For one could easily conceive of a machine that is made in such a way that it utters words, and even that it would utter some words in response to physical actions that cause a change in its organs—for example, if someone touched it in a particular place, it would ask what one wishes to say to it, or if it were touched somewhere else, it would cry out that it was being hurt, and so on. But it could not arrange words in different ways to reply to the meaning of everything that is said in its presence, as even the most unintelligent human beings can do.
While it is possible to imagine a machine obtaining a perfect score on the SAT or winning Jeopardy–since these rely on retained facts and the ability to recall them–it seems far less possible that a machine can weave things together in new ways or to have true imagination in a way that matches everything people can do, especially if we have a full appreciation of the creativity people are capable of.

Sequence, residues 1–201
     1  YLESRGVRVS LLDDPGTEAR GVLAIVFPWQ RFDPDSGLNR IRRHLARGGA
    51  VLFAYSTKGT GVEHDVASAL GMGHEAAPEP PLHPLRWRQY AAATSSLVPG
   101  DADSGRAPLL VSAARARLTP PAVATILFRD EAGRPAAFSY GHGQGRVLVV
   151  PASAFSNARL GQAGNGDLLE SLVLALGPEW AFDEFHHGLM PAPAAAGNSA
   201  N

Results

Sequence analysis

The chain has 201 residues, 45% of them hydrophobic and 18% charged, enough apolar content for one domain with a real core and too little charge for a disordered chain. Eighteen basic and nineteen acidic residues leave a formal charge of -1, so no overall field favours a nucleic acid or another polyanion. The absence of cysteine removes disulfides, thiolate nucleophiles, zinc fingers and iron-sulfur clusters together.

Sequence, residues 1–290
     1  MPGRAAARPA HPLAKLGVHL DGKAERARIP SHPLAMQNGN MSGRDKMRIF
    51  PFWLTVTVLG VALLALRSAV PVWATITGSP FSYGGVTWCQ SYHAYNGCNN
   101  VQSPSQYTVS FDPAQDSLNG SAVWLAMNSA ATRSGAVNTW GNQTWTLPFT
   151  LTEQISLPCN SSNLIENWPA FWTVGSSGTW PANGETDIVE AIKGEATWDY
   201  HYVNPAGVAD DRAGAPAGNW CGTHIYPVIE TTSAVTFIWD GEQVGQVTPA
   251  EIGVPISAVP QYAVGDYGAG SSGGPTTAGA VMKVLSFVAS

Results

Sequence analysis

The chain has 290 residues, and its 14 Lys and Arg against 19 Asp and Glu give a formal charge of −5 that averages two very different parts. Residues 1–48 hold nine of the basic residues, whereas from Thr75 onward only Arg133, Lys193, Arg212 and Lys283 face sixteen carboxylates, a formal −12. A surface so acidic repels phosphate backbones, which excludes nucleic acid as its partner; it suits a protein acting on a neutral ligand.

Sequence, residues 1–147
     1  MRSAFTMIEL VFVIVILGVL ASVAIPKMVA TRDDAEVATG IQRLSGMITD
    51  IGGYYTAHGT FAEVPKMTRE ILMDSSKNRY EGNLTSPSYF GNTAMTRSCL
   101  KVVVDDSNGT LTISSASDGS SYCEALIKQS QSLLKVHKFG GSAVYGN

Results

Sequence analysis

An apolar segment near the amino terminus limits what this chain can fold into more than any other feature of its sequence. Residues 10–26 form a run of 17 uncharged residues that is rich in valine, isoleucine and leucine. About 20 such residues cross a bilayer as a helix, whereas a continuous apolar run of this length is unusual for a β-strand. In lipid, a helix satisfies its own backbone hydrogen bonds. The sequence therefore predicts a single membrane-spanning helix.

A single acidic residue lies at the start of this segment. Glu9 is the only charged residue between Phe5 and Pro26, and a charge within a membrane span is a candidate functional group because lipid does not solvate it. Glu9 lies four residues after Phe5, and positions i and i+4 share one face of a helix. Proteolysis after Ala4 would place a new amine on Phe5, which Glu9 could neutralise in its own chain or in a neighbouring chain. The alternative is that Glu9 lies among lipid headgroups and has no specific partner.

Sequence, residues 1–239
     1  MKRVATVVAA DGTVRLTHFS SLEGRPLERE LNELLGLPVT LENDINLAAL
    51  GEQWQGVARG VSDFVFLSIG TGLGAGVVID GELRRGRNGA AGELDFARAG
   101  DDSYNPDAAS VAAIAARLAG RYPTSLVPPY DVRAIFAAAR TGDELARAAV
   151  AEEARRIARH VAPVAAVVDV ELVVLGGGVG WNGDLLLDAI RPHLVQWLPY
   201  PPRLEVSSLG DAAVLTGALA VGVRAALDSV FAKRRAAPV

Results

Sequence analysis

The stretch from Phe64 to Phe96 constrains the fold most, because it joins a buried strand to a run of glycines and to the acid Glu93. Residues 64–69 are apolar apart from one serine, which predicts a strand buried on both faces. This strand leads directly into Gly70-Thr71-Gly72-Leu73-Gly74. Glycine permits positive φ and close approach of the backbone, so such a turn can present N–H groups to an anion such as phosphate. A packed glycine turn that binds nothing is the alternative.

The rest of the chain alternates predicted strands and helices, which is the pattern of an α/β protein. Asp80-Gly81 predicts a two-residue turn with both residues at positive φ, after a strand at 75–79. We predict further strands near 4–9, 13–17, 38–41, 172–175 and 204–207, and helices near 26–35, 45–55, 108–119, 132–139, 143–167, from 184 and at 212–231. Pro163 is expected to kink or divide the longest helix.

Quoting those pessimistic visions for the possibility of thinking machines, what is your stand today? Are humans somehow privileged in ways no artifact will ever be able to accomplish?
Hi Gilad, Into the Deep Blue Yonder (click the Descartes link above) still represents my own views on this matter.